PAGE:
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It’s hard to imagine how immigrants felt leaving their homelands, families, with minimal belongings for a land that they knew nothing about. The fear they must have felt as they didn’t speak the language. It’s impossible to imagine the wonder and fear as they sailed into New York Harbor and saw the Statue of Liberty on their way to Ellis Island.
For the generations that came after the great immigration decade of 1900-1910, we are fortunate that we can tour Ellis Island and the Statue of Liberty to learn about their plight. If you have the chance, visit these two monuments that are so rich in history.
We started our tour by ferry boat. You can take a ferry boat either from the New York side or the New Jersey side. We choose the New Jersey side and our first stop was Ellis Island. This was the processing center for millions of travelers which were mainly from Europe. The immigrants wanted a new life away from religious persecution, political strife, and unemployment. All in all, 12 million immigrants came through Ellis Island.
Ellis Island-Main Building
Ellis Island’s main building has been restored as a museum. There is a separate tour of the hospital and contagious wards. The museum building houses the Registry Room where inspectors questioned immigrants with up to 31 questions. They were required to answer correctly before being allowed to pass and go downstairs. Downstairs they would exchange their money and buy provisions and possibly rail tickets if they weren’t staying in New York.
The museum has three floors with main exhibits on the first two floors. The first floor has two exhibits-The Peopling of America and New Areas of Immigration. The Baggage Room is an open area where the immigrants would have entered. They left their baggage there while they went up a floor to the Reception Room.
The second floor has three exhibits-Through America’s Gate, Hearing Room, and Peak Immigration Years. Through America’s Gate details the process of inspection with the Hearing Room set up for detained immigrants to plead their case.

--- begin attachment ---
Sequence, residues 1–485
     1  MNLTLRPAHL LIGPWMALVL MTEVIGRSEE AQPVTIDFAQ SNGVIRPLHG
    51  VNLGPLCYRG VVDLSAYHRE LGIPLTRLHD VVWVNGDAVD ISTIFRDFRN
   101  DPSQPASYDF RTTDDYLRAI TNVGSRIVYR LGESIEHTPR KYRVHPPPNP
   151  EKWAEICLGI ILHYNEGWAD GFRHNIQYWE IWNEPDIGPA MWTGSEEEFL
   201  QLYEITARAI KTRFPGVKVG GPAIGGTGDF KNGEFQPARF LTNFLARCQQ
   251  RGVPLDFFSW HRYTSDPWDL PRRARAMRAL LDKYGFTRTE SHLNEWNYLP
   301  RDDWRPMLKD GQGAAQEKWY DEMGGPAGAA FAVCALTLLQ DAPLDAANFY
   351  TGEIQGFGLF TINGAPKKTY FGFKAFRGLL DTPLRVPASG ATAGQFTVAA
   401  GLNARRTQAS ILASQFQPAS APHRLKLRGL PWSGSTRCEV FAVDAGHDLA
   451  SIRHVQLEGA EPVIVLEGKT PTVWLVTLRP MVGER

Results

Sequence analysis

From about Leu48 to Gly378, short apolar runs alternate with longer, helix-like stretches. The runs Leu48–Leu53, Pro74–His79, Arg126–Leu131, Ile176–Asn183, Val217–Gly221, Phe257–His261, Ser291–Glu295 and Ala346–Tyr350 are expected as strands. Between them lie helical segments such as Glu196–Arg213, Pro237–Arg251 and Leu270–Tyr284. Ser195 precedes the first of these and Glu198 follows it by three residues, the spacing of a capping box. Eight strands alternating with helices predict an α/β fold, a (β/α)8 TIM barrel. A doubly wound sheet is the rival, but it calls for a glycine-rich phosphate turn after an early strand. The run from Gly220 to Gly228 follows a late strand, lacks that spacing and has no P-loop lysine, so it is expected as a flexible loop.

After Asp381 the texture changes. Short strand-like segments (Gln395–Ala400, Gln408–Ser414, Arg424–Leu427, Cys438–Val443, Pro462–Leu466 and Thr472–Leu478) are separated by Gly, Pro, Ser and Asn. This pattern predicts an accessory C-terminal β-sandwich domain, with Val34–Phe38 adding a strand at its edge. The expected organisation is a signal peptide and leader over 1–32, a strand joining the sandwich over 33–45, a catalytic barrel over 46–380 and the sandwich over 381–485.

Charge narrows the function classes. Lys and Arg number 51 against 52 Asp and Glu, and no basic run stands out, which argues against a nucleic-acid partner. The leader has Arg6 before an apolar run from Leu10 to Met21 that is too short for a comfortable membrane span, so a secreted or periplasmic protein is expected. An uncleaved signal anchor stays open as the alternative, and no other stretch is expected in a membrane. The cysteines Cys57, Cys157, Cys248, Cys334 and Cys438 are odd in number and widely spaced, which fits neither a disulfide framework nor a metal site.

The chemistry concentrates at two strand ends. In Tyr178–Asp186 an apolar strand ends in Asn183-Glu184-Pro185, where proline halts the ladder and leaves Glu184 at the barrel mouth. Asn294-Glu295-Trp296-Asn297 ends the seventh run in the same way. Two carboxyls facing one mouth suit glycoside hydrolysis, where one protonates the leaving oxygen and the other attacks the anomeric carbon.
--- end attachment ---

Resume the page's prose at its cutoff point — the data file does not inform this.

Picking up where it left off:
After the inspections, the immigrants would reach the ‘Stairs of Separation’. Most of them boarded New York or New Jersey bound ferries while some awaited further inspections that could lead to detention.
Although the third floor has the potential for exhibits, the only open area is a Dormitory Room that was used for detainees.
You can search for ancestors at Ellis Island or online at http://www.libertyellisfoundation.org. In this same area is citizenship questions that were asked of applicants. There is an exhibit that has 10 questions that test your knowledge. Would you pass the test??
After finishing our time at Ellis Island, we took a second ferry to Liberty Island. The Statue of Liberty sits upon on a pedestal. You can climb 195 steps up the pedestal to the observation deck to look out from the statue. Normally you can further climb up to the Crown to look out. This area was closed on our visit due to COVID.
Statue of Liberty
Once you climb the stairs to the top of the pedestal, you can look up above you and see the interior of the statue. Pictures below are of the interior of the statue and the outside view from the pedestal. 👇
At the base, there is a museum and one cool exhibit shows people that visited the Statue of Liberty that forms the shape of the statue.
After finishing our time at Lady Liberty, we took the third ferry back to our starting point. On our way back to the car, we came across a dilapidated train station. This train station was used by the immigrants upon clearance from Ellis Island to start their new life.
Map of the two monuments and how the ferries run for both states👇